Myra Gordon (2004) argues that “the real reason for a general failure to diversify lies in the culture and practices typically associated with faculty hiring” (p. 184)…
Myra Gordon (2004) argues that “the real reason for a general failure to diversify lies in the culture and practices typically associated with faculty hiring” (p. 184). This chapter examines the faculty hiring process and how it contributes to the underrepresentation of female faculty of color and to what happens to them if they are hired. Drawing on the existing literature and insights from critical theory and signal theory, the dissection of the process considers how institutionalized norms characteristic of the dominant group in the academy (white, males) play a role in the exclusion (oppression) of nontraditional candidates, and signal their fit with those norms.
Research to improve access and equity for women of color in higher education offers insights on the nuanced challenges and opportunities that exist today. In the past…
Research to improve access and equity for women of color in higher education offers insights on the nuanced challenges and opportunities that exist today. In the past, women of color confronted overt discrimination in their pursuit of educational and career attainment. Today, they are likely to face more subtle practices couched in what Miller (2010) coins, the “deservingness” status suggesting that although women of color have gained entry in the academy, they come under scrutiny in their faculty and administrative roles. Despite such scrutiny, their presence in the academy has brought them a measure of social independence, ushered in multiple perspectives to enrich students' learning experiences, and have challenged traditional approach to research knowledge, and leadership theories and practices (Glazer Raymo, 2008; Jean-Marie, Williams & Sherman, 2009; Lloyd-Jones, 2009).
Mary V. Alfred, Ph.D. is an associate dean for Research and Faculty Affairs and professor of Adult Education and Human Resource Development in the College of Education and Human Development at Texas A&M University. Her research interests include learning and development among women of the African Diaspora, socio-cultural contexts of immigration, welfare reform and women's economic development, and issues of equity and social justice in higher education and in the workplace. She received her Ph.D. in Educational Administration with a focus in Adult Education and Human Resource Development Leadership from the University of Texas at Austin.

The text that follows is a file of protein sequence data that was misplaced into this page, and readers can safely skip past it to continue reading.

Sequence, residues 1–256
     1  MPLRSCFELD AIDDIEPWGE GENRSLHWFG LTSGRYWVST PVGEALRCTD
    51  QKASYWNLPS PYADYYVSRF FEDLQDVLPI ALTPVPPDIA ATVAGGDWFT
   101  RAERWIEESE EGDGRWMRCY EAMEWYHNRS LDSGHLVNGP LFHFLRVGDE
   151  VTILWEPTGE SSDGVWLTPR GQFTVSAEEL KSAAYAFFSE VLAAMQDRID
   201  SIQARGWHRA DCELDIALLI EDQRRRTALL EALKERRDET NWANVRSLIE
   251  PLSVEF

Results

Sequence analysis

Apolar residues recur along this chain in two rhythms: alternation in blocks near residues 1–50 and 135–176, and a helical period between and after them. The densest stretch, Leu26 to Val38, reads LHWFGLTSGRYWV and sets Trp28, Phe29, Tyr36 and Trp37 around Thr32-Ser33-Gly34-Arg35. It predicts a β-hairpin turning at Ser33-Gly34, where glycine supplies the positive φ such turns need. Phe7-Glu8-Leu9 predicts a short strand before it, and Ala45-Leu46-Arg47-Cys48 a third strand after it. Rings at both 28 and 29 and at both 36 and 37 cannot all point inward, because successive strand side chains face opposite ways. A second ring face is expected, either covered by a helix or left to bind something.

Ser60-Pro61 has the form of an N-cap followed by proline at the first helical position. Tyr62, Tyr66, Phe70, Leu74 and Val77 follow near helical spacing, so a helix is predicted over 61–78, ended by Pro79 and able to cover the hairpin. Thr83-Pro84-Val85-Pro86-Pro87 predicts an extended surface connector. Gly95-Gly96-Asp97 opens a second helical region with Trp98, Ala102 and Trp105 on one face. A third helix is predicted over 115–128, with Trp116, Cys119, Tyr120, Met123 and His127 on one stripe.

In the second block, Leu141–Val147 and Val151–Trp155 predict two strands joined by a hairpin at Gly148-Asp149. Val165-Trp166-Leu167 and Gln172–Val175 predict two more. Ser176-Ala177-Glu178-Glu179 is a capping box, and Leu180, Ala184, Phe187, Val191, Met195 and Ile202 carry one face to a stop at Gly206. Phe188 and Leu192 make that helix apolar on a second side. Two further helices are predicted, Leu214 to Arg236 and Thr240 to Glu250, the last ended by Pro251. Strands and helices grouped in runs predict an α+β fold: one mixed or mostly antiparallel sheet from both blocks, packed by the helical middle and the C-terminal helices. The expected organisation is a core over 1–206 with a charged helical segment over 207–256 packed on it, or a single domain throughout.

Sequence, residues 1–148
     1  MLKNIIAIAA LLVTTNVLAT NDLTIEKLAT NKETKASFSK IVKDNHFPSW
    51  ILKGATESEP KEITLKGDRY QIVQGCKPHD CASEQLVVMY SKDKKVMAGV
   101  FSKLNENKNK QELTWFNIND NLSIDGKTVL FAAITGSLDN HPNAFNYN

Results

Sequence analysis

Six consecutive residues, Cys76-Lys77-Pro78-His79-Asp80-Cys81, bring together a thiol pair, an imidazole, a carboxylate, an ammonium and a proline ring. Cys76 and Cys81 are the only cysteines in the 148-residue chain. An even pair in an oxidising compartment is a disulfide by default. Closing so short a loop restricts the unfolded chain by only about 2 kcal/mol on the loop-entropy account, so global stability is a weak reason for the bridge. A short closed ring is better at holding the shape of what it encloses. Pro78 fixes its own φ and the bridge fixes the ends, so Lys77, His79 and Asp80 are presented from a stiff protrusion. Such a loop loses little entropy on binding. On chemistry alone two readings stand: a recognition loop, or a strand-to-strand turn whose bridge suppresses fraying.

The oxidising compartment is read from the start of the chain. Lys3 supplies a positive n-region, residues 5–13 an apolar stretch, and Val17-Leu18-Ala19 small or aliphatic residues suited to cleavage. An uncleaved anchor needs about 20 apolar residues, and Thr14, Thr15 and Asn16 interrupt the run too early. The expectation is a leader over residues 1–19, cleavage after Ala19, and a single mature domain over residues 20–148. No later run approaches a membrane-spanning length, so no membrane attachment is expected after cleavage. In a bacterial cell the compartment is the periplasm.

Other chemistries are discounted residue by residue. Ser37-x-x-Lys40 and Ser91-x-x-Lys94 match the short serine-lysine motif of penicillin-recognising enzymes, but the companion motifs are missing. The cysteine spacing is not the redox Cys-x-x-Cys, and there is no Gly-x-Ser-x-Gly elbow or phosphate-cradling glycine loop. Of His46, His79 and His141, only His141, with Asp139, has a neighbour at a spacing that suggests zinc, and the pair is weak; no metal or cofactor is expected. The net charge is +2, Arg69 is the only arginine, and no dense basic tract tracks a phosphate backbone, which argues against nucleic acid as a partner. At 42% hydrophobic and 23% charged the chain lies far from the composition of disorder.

– The purpose of this article is to suggest that doctoral student socialization is a gendered process.
The purpose of this article is to suggest that doctoral student socialization is a gendered process.
This article uses a qualitative case study methodology, studying engineering students in one university department.
The author considers how various norms and practices, including competition and hierarchy along with overt objectification of women, point to the masculine nature of the discipline.
Although stage models of socialization are helpful in that they provide an outline of students’ various tasks as they progress through their doctoral programs, they can account neither for the culture of disciplines nor for the identities of students who populate them. The author suggests that students in engineering are prepared to embrace competition and hierarchy, norms that point to a gendered disciplinary culture. Although, certainly, particular interests will lead students to pursue different majors, the discipline serves to reinforce culture.
With concern on cross-religion research, this study aims to examine Christian consumer attitude towards Islamic TV advertising in Indonesia. This study includes together…
With concern on cross-religion research, this study aims to examine Christian consumer attitude towards Islamic TV advertising in Indonesia. This study includes together both subjective norm and dogmatism in an analysis as moderating variables.
An online survey for 186 sample respondents was conducted to test nine hypotheses. Multi-group moderation test was conducted to test the moderation effect of subjective norms and dogmatism on the model.
The results indicate that Christian intrinsic religiosity has a significant negative relationship with Islamic TV advertising credibility. Consumers’ attitudes towards Islamic TV advertising are proven to be the consequence of Islamic TV advertising credibility, even if the relationship is inverted. Moreover, this study concludes that subjective norms and dogmatism significantly moderate the relationship between Islamic TV advertising credibility and attitudes towards Islamic TV advertising differently. Subjective norms tend to weaken the relationship, while dogmatism strengthens it.
During the process of this study, the authors uncovered three research limitations. First, too many measurement items for dogmatism eliminated from the analysis. Second, having balanced proportion for the high and low group has become the concern of this study, Third, a sample size of 186 is not adequate for such a complex model.
Managers should employ endorsers with multi-faceted images who can be accepted by all segments of society to combat the negative perception and attitudes of Christian consumers on Islamic attributes in TV advertising.
This paper contributes to the literature on cross-religion marketing research, especially on the topic of advertising, by comparing the internal influence (dogmatism) and external influence (subjective norm) on attitude towards Islamic TV advertising.